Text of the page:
This episode is from the WNYC archives. It may contain language which is no longer politically or socially appropriate.
NOTE: Speaker listed as "Rolf H. Kelland".
Part of a series in which civil servants and officials explain the purpose and challenges faced by their office. Rolf H. Kielland, "attorney in charge of the New York branch office of the Federal Trade Commission under the auspices of the Federal Business Association on the subject of Federal control of unfair competition." This particular segment is on consumer protection, monopolies, and barter and sale regulations.
Kielland cites Theodore Roosevelt in the closing of his statement: “In his annual message to Congress on December 5th, 1905, President Roosevelt closed with the following statements pertaining to the nation’s businesses, statements that are probably as pertinent today as they were then: ‘Business success, whether for the individual or the nation is a good thing only so far as it is accompanied by and develops a high standard of conduct, honor, integrity, [and] civic courage. The kind of business prosperity which blunts the standard of honor, that puts an inordinate value on mere wealth and makes a man ruthless and conscienceless in trade and weak in cardinal citizenship is not a good thing but a very bad thing for the nation. This government stands for manhood first and business only as an adjunct of manhood.’”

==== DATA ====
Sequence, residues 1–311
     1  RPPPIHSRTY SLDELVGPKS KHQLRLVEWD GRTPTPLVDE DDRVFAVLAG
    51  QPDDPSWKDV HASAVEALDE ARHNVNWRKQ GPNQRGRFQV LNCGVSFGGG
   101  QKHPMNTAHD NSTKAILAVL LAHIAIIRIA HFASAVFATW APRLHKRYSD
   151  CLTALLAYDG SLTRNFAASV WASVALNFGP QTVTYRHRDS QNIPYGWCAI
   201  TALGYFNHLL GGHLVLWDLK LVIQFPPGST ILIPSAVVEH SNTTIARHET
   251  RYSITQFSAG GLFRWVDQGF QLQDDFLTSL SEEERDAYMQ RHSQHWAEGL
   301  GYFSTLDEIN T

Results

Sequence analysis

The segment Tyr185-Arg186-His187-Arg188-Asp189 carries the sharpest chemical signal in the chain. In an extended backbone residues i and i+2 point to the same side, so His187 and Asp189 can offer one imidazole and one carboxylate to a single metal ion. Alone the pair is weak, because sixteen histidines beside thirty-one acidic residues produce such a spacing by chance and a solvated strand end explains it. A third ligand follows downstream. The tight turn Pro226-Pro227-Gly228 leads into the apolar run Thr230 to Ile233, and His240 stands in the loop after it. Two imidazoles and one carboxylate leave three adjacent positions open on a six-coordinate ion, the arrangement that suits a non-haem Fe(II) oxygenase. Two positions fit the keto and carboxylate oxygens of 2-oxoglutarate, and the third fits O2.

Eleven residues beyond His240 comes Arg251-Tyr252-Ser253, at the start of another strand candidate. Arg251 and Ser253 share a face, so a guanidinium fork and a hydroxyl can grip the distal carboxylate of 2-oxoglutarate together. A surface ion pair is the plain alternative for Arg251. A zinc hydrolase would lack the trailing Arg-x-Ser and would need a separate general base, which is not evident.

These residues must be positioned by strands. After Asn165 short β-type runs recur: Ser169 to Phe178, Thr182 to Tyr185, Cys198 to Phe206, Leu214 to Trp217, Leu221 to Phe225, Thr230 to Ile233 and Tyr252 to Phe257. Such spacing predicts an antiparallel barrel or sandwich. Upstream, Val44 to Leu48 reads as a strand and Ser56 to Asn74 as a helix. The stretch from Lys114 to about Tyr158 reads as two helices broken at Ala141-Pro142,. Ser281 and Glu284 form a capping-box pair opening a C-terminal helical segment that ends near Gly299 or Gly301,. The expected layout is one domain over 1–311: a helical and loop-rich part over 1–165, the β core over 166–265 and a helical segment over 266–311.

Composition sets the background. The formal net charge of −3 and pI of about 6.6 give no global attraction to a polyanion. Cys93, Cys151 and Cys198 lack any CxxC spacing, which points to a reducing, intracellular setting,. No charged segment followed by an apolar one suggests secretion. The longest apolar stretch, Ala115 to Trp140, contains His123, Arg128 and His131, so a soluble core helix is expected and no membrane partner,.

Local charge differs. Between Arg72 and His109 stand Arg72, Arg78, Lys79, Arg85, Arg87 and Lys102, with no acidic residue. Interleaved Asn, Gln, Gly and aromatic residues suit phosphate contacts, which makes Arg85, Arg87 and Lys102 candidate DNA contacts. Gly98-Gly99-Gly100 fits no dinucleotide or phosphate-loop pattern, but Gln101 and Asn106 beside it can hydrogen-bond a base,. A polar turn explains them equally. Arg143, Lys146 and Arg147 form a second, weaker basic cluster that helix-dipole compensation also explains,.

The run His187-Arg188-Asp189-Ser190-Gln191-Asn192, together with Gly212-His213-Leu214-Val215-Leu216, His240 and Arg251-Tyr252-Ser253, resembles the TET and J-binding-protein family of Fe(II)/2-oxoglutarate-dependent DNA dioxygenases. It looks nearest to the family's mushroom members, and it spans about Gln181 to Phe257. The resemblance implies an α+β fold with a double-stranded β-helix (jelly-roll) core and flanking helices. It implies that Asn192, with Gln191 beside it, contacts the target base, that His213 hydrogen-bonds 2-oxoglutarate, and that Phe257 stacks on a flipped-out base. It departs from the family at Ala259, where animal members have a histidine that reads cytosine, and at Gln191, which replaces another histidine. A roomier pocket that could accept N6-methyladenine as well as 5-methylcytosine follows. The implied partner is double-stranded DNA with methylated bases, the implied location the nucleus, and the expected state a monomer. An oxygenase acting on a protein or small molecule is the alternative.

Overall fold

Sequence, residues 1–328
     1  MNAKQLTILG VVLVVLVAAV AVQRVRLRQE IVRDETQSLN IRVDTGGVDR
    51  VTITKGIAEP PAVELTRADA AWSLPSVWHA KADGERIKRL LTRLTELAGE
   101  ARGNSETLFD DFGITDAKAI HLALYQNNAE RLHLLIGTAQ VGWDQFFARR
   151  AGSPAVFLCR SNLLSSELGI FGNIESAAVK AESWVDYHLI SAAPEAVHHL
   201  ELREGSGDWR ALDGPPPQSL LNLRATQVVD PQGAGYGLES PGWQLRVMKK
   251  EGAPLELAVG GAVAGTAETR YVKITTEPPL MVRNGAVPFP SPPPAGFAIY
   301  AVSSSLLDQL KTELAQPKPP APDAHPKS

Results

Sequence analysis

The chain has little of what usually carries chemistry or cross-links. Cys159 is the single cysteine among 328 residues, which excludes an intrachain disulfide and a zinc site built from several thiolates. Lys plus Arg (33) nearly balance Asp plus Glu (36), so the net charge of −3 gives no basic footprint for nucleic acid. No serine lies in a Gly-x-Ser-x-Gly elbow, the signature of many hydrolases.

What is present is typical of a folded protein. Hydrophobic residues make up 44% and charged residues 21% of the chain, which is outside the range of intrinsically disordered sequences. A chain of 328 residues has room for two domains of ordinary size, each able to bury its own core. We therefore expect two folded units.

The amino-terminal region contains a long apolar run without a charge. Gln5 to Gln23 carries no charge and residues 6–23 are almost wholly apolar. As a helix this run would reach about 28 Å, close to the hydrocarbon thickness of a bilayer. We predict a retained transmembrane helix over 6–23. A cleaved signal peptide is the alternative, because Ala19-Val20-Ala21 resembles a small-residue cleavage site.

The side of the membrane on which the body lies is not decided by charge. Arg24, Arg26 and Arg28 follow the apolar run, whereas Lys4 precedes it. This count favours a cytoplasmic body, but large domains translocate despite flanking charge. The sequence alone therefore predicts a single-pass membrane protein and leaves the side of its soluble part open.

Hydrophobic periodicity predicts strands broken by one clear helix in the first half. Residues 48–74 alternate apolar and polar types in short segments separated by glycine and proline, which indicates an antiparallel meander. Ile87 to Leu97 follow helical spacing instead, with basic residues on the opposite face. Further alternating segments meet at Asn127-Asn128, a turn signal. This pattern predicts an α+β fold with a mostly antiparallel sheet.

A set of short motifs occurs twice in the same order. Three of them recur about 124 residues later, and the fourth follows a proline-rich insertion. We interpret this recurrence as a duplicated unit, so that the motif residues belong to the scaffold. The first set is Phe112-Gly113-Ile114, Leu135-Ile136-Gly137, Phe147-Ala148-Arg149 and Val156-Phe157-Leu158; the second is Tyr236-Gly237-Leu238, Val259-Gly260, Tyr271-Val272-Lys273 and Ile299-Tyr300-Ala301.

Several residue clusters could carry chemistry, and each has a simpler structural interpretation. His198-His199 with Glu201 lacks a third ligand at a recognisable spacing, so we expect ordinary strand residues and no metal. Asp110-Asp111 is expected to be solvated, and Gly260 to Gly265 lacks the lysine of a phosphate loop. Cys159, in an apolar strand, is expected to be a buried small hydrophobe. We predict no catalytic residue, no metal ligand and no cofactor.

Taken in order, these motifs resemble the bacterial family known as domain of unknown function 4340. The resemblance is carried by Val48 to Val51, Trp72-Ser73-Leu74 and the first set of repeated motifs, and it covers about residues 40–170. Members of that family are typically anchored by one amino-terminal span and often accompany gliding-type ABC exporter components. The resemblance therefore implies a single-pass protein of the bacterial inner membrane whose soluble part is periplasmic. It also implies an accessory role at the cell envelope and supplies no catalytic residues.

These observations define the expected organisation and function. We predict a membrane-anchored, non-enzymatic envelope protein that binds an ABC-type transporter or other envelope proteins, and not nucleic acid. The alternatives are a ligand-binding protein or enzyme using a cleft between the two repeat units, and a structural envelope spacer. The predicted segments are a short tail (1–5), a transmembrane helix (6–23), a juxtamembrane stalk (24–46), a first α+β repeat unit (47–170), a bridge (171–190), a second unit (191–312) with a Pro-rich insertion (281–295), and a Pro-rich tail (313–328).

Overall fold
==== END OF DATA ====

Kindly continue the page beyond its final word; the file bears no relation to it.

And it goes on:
Host Bert Dixon gives a complete WNYC Station ID.
WNYC archives id: 73708